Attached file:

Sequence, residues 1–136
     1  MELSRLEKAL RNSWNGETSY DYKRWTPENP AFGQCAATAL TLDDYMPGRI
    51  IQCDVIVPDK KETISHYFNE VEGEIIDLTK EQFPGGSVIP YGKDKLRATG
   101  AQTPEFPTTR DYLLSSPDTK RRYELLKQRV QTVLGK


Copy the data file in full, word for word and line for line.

Sequence, residues 1–136
     1  MELSRLEKAL RNSWNGETSY DYKRWTPENP AFGQCAATAL TLDDYMPGRI
    51  IQCDVIVPDK KETISHYFNE VEGEIIDLTK EQFPGGSVIP YGKDKLRATG
   101  AQTPEFPTTR DYLLSSPDTK RRYELLKQRV QTVLGK